Oh, to Be Young and In Love—and the Parent of that Tween
By Joyce Heid
My son had his first girlfriend in kindergarten. They remained an item until third grade, when she told him she just wanted to be friends. “I’m going to meet a lot of hot guys in college, and I want to keep my options open,” she explained.|
And though they did exchange small birthday and Christmas gifts, the most affection he received from her other than that was a punch in the arm.
This past year, when my son was in fifth grade, another girl in his class made her move. Apparently, she’d had a crush on him since second grade and was very happy to find him available. They soon became boyfriend and girlfriend.
My son says he likes her “because she gets me.” (Funny, I didn’t realize 11-year-old boys were that complicated.)
I think Girlfriend Number No. 2 is intelligent, sweet, and wonderful, but things are a little different this time around. They hold hands. She sneaks a kiss on the cheek when nobody’s looking, and there is hugging.
Not only do I question if my son is ready for this, but I’m not sure I’m ready for this!
My tween is certainly not the only one in a “relationship.” According to a 2008 survey commissioned by Liz Claiborne Inc. and its national initiative to end teen dating abuse, Loveisrespect.org, 47 percent of tweens (adolescents ages 11 to 14) say they’ve been in a boyfriend/girlfriend relationship. Thirty-seven percent of this bunch are 11- and 12-year-olds.
Interesting numbers, but what exactly do they mean?
While Towson psychologist Dr. Robyn Waxman agrees that kids seem to be developing relationships at a younger age, she’s quick to add, “I find that what they call ‘dating’ sometimes doesn’t even involve speaking to each other. I have kids in my practice who haven’t even met each other—they just have friends who’ve fixed them up online, and they have only ever IM’d each other.”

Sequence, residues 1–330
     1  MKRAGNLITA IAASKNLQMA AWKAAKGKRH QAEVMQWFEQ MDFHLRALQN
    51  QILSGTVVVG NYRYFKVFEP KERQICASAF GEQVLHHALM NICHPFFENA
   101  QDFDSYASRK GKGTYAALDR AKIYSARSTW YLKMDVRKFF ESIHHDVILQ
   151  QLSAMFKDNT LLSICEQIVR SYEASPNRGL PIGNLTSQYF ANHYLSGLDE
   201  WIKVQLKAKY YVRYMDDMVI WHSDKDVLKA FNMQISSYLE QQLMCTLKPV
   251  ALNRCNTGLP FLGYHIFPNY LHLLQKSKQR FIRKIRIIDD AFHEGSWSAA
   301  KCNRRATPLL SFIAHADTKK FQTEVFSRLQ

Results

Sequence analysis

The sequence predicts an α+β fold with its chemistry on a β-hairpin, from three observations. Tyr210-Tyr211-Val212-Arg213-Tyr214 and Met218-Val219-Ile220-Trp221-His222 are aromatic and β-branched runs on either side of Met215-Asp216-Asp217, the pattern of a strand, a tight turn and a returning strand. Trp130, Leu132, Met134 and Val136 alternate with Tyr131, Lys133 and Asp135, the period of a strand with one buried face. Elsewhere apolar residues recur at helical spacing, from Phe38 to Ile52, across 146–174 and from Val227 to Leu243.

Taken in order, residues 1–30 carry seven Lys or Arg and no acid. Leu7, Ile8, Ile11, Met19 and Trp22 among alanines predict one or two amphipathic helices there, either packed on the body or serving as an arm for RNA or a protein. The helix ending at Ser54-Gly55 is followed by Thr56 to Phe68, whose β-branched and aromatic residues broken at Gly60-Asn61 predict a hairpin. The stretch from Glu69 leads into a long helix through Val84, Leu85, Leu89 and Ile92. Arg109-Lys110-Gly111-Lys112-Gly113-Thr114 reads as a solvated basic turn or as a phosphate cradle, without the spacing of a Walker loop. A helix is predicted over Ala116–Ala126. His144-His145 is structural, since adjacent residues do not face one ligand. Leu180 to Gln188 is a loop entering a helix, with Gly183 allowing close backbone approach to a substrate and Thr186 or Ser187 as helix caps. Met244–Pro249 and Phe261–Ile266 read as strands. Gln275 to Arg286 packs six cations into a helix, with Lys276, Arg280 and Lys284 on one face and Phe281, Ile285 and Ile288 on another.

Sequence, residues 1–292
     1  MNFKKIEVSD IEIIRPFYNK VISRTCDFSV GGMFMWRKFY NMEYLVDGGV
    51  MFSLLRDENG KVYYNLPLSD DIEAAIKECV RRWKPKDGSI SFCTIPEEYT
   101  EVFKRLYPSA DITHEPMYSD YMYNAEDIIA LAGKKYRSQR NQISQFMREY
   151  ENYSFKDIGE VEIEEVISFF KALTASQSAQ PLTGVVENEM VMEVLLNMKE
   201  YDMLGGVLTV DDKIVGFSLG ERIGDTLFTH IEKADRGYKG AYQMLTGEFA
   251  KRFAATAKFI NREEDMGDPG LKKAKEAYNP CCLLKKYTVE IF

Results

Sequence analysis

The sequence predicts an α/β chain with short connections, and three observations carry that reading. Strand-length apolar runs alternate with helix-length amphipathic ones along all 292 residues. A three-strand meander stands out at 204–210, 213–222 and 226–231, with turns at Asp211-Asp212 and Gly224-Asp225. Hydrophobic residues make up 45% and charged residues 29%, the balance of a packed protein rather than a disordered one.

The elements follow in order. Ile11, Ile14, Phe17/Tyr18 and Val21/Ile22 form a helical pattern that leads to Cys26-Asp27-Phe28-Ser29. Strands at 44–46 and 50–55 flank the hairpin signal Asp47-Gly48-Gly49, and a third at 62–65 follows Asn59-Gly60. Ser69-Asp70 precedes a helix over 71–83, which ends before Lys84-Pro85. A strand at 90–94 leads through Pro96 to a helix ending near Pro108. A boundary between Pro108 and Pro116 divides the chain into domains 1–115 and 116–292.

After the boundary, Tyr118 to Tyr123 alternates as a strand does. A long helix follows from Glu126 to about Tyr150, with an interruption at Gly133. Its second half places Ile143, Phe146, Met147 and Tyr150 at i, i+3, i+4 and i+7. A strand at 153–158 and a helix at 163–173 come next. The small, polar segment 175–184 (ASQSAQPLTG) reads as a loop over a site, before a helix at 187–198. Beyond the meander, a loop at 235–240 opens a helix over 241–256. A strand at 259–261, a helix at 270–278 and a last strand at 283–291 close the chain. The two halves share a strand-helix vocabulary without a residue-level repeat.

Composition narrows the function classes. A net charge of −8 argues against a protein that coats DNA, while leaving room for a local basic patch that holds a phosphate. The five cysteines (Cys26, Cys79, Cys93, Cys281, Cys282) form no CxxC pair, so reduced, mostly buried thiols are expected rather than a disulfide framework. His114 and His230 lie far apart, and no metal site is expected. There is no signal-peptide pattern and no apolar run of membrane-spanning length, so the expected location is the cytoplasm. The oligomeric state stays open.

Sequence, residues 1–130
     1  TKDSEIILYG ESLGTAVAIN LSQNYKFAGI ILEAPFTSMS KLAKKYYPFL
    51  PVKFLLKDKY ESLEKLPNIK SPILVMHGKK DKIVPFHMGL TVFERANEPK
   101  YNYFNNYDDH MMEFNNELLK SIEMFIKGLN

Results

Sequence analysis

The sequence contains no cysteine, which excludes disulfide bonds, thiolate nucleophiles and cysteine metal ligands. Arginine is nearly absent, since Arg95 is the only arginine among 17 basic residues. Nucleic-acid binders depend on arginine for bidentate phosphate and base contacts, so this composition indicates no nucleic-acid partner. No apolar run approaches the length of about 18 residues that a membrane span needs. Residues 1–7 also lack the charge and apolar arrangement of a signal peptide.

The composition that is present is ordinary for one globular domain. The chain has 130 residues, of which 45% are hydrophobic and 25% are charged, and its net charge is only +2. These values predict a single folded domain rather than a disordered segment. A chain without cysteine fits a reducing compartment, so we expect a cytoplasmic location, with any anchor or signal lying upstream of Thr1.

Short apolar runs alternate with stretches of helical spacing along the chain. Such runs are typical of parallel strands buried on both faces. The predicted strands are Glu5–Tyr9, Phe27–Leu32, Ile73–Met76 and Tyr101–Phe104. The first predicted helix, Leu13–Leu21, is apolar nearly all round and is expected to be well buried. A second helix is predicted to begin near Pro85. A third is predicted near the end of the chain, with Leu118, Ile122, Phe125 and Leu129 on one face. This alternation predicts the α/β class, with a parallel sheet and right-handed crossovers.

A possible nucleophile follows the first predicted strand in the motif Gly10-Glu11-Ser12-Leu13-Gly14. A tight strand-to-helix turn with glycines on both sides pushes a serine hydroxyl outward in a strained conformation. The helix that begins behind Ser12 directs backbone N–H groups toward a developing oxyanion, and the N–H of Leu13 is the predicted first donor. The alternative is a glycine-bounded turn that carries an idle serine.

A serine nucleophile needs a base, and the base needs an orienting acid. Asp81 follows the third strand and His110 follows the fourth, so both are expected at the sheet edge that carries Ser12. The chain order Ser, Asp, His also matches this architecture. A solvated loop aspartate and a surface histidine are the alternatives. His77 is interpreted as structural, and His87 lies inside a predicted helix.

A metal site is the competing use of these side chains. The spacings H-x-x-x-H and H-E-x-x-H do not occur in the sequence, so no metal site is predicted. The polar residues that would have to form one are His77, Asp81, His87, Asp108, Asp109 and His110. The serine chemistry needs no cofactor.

For other kids, “dating” may mean they just smile at each other when they pass in the hallway, or it may mean they simply go places together.
First, Define Dating
Unfortunately, there are lots of scary statistics about tween dating, too.
That same 2008 survey reports that one-third of tweens and their parents say sexual activity, from touching to oral sex and even intercourse, is a part of tween dating relationships. This can lead to all types of problems, including pregnancy and the spread of sexually transmitted diseases as well as low self-esteem and unhealthy relationships later in life.
So, what type of boundaries should parents set to protect their tweens?
“To some extent, you have to look at the maturity of your kid on an individual basis,” recommends Waxman. “I probably wouldn’t let a kid younger than 15 or 16 go out on an individual date, but I might let younger kids go out on a group date if there is adult supervision. At a later point, there could be a group date without adult supervision, such as to the movies with a set time limit.”
As for dating at an early age leading to issues with self-esteem, Waxman says that can depend on how important a dating relationship is to the tween. She warns that boys and girls becoming obsessed with being part of a couple—whether they’re in a long-term relationship or bouncing from one relationship to the next—can lead to problems.
“It is such a critical period in identity development that I would worry that they are too consumed with being part of a couple, as opposed to allowing themselves to develop individually,” says Waxman.
In an effort to help these kids better balance a dating relationship in their lives, she advocates placing limits on matters such as how often they see each other or go out each week.